Apple has a gajillion dollars. Devs still have to pay $100 to use their platform.

Going to make this brief and without comment from me (as it really doesn’t need any comments).

Apple stock has hit $600 per share.

Apple has so much cash they actually held a press conference today just to talk about how much cash they have.

Apple charges developers $100 for the privilege of giving Apple a 30% cut of all of their software sales.

Apple takes the livelihood of developers away for extended periods of time (even when they pay the $100) and will then dodge phone calls about it.

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  • Dan

    How charming of them.

  • Anton

    I’m not arguing for it but I think its a way for them to have some sort of “quality control”. They probably don’t want to spend their time accepting app submissions for “crap apps”, so if they require people to pay up $100 you can be (a bit more) sure that the people will make something worth wile. I mean, if people are willing to pay up $100, they probably has thought their piece of software through and think it’s worth their money. Again, I’m not arguing that it is right or that it works, I simply imagine that’s how Apple want it to work. (They also like money for sure.)

  • Steven

    In the immortal words of the Joker and many before him, “if you’re good at something, never do it for free”. Apple milks this. Even their conferences are over priced if you compare it to other tech conferences. But clearly they’re good at milking money.

  • Sean

    Even more than quality control, it’s a barrier to entry without which Apple would likely be flooded with more apps than it could process — and their responsiveness to problems would be even more dismal than it already is.

    Also, you get more for your $99 than just the privilege of approaching Apple’s gates. Most importantly, you get access to prerelease software so you can be prepared for OS updates and not leave your users stranded while you scramble toward a patch. For anyone who makes their living selling Mac apps, even without the app store, it’s a no-brainer. And for hobbyists, there’s always the free developer account.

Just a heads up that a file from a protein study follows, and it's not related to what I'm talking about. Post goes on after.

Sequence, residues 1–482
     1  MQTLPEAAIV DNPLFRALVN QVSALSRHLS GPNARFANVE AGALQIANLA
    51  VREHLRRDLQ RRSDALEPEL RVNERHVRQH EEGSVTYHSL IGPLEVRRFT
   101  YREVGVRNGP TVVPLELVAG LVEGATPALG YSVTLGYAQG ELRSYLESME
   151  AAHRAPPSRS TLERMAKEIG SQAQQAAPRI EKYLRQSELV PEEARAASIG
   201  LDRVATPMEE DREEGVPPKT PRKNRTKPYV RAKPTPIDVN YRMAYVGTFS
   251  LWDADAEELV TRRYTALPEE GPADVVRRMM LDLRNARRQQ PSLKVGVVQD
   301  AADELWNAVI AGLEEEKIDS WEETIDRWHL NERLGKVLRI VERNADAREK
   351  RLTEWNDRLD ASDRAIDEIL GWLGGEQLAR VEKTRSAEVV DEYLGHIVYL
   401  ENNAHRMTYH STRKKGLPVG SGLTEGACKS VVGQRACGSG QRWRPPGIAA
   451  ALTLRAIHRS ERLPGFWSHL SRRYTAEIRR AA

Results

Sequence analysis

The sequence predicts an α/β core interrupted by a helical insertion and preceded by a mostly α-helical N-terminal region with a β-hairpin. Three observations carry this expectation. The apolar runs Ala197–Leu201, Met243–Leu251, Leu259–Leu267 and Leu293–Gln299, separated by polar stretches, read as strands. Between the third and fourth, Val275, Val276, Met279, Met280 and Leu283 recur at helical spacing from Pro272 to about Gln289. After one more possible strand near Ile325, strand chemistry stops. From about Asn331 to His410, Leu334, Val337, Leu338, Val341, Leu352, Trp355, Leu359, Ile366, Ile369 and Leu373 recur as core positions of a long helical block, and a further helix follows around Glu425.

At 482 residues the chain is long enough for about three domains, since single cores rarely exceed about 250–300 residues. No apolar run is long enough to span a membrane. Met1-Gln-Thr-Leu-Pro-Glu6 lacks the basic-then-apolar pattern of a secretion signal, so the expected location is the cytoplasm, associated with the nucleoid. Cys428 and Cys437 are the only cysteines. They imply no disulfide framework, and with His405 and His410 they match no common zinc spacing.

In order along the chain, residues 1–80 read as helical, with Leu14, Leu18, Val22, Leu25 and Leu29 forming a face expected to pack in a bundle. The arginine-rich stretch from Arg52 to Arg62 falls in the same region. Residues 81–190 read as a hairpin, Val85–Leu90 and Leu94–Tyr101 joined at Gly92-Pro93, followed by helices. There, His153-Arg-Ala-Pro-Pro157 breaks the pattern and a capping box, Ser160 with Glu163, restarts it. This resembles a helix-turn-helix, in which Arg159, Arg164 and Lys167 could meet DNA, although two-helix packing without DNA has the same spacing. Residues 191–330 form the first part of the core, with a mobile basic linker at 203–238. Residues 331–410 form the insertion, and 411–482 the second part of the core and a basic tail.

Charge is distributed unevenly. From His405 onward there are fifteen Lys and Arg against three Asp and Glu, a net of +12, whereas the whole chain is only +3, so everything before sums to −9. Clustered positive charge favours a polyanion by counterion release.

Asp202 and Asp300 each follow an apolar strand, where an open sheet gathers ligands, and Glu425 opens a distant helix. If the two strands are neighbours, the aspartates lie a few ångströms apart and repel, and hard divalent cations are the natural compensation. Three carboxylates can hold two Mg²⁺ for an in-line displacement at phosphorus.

Has Apple had some atrocious faux pas with developers? Absolutely. But that’s a separate issue. When considering the $99 fee, I think it’s important to remember how recently developers had to pay a more exorbitant amount for an IDE like CodeWarrior, just for the privilege of *compiling* a Mac app. Apple has built one of the most sophisticated sets of developer tools out there, and given it away it for free. Yes, they profit from it too, and sure, you have to pay your toll to use their distribution channels or get prerelease software, but as a developer, I have to say we’re coming out ahead on the whole.

  • Jony Grove

    Apple doesn’t take your $100 because they need the money, yes.

    Money is a tool to them. If you pay $100 a year, you won’t let your old useless app linger on the App Store for years.

    If you pay $100, they have verified your identity via your credit card.

    If you want to critique them because they removed the app of a developer, please do so, it’s indeed very bad.

    But don’t say you critique them because they have a lot of money. This implies it’s ok to ef up when you don’t have money, and this is not how we should think about performance.

  • Kris Lyttle

    Things Apple Stole – People’s Hard-Earned Money, Part 2? Or Part 3?….I lost count.

  • Hitfan

    I really like my iPad and iPod touch. But my feeling is that apple has reached a certain point of over saturation and they’re in a bubble.

    All this rhetoric of their invincibility is akin to what Microsoft was like 10 years ago.

    Time will tell.

  • http://leifandersen.net Leif Andersen

    @Jony Grove: They could do all of that stuff with only charging $10/year, even $1/year (although at that point it gets a bit silly).